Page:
Even if we manage to formulate a general definition of terrorism along the lines of political, religious or ideological violence intended to induce fear in, or to coerce, others, the job of defining terrorism does not end there. If left at that level of generality, the definition could extend to (and depending on the purpose of the legislation, potentially criminalise) a range of activities not generally considered to be terrorism. Civil disobedience, public protest and industrial action are among the activities that could fall within the scope of the definition.

The next question we ask then is: whether there should be a specific exception made in favour of these activities? The potential problems with not providing for such an exception are illustrated by the United Kingdom’s current legislative definition. The definition of terrorism contained within the Terrorism Act of 2000 simply requires the purported terrorist to have committed an act in the furtherance of a political, religious or ideological cause. There is no exception made within the definition in favour of the kind of activities mentioned above. Therefore, on the words of the statute alone, activities such as a peaceful student rally against the deregulation of university fees in which some members caused limited property damage could fall within the scope of the definition. So too could a long-running nurse’s industrial dispute in the public hospital sector (given that “creat[ing] a serious risk to the health or safety of the public” qualifies as a form of damage).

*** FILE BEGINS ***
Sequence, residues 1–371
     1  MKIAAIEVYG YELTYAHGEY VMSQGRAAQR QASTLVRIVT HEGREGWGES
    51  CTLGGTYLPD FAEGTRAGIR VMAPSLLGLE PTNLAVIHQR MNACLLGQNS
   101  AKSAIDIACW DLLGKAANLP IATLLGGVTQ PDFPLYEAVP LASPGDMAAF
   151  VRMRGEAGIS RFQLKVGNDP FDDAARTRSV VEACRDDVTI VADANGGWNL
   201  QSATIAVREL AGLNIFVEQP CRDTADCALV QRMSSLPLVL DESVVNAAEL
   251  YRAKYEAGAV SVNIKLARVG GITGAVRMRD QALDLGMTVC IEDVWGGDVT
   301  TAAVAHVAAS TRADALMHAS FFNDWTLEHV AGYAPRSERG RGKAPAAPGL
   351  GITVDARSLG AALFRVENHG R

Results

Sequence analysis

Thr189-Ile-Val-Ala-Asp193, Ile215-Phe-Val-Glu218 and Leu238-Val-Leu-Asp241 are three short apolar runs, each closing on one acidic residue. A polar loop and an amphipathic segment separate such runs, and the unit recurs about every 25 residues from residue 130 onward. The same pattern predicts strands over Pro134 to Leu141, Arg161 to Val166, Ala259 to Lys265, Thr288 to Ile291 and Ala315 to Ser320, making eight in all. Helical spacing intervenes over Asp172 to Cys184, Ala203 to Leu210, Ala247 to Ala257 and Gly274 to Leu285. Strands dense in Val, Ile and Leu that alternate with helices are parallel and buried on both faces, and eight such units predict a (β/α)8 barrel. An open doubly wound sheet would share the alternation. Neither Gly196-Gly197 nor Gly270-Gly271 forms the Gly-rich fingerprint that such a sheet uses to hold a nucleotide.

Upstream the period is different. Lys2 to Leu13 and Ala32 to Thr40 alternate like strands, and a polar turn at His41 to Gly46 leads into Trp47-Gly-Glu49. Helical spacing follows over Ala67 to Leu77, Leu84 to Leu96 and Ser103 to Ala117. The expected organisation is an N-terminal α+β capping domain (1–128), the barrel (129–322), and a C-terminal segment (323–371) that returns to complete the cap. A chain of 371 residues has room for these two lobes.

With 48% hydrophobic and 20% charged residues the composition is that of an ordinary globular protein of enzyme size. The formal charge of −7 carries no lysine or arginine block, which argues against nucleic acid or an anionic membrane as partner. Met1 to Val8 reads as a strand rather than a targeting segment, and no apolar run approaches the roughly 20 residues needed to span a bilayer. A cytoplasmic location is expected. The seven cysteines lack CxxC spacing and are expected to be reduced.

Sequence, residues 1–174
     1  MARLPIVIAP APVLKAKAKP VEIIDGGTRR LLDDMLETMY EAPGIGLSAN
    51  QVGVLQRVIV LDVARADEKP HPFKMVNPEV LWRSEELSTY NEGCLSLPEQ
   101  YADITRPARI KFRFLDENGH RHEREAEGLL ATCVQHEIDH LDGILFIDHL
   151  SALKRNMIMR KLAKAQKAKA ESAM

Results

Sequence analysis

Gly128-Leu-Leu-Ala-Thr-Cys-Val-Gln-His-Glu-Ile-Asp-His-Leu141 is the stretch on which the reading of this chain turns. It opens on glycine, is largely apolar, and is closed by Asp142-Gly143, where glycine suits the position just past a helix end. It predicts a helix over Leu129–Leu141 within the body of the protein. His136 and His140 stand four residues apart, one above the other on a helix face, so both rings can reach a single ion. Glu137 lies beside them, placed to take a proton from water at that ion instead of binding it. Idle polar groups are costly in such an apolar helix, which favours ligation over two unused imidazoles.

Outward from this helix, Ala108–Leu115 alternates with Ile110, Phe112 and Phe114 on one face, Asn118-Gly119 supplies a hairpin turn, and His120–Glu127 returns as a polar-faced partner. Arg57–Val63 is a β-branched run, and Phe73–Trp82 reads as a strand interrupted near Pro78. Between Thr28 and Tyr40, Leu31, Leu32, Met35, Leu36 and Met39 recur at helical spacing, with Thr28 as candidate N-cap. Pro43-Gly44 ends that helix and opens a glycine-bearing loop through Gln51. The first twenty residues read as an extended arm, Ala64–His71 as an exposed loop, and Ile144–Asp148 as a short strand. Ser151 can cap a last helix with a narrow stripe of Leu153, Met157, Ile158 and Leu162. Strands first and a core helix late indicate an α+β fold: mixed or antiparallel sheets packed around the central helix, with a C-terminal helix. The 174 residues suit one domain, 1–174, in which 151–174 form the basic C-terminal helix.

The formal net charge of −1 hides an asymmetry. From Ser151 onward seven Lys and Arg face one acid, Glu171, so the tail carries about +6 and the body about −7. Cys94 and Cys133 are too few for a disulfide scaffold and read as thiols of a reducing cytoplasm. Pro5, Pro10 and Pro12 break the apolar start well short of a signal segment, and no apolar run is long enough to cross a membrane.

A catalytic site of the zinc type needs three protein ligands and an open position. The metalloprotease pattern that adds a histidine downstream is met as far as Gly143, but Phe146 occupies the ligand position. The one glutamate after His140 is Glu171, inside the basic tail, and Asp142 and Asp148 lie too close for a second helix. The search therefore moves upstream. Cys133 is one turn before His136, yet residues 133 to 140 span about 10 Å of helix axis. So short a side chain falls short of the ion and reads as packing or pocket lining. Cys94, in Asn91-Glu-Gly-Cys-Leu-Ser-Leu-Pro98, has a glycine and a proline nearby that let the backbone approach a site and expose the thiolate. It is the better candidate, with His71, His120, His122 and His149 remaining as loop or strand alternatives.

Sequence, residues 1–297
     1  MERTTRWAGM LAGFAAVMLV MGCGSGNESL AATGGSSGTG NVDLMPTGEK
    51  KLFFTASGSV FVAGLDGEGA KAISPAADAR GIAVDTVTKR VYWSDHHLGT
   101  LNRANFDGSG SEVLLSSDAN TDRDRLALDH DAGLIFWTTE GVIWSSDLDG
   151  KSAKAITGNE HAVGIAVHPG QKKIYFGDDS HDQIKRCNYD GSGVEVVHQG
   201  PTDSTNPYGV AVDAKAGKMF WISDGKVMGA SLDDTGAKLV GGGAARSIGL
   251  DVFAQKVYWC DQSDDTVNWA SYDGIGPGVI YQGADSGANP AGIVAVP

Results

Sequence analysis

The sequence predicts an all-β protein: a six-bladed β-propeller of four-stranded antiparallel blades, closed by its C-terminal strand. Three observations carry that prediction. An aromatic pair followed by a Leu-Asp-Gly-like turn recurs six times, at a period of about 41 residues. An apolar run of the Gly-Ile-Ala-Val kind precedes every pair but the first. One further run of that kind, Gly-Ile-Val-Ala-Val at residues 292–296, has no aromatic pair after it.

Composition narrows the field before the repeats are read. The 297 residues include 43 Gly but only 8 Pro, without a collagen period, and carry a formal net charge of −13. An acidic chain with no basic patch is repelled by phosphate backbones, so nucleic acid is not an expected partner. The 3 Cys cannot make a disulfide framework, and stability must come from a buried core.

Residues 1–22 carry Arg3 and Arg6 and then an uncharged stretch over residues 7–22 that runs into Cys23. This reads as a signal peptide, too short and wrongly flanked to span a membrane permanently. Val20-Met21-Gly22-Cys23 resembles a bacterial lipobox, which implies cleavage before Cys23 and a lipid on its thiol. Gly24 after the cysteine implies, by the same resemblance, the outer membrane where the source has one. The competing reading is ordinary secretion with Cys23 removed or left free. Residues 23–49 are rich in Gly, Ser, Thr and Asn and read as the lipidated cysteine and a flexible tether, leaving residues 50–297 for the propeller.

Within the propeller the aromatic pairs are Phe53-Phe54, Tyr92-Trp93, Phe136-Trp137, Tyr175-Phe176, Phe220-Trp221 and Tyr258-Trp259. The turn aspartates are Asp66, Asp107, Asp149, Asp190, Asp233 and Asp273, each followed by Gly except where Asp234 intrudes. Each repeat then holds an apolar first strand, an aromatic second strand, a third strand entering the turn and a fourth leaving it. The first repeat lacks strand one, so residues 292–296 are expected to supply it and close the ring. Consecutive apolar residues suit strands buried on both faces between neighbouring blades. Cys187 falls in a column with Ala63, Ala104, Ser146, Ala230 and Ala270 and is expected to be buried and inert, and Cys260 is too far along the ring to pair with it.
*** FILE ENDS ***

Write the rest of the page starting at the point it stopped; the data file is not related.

Like the United Kingdom’s definition, the United States’ definition (PATRIOT Act of 2001) cited above lacks a specific exception for civic protest and similar activities. While these two definitions of terrorism are able to capture ordinary protest activity, it must be noted that both jurisdictions have protection for certain human rights and civil liberties enshrined in a Bill of Rights (the US has its Bill of Rights and the UK the 1998 Human Rights Act). These documents could well protect the exercise of citizens’ ability to strike or to protest. This is to be contrasted with the Australian experience, where there is no national Bill of Rights.

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This is an edited extract from “What is ‘Terrorism’? Problems of Legal Definition’ (2004) 27 University of New South Wales Law Journal 270.

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About the Authors

Ben Golder teaches law at the University of East London (UK) and is an Associate of the Gilbert and Tobin Centre of Public Law at the University of New South Wales.

George Williams is the Anthony Mason Professor of law and Foundation Director of the Gilbert + Tobin Centre of Public Law at the University of New South Wales.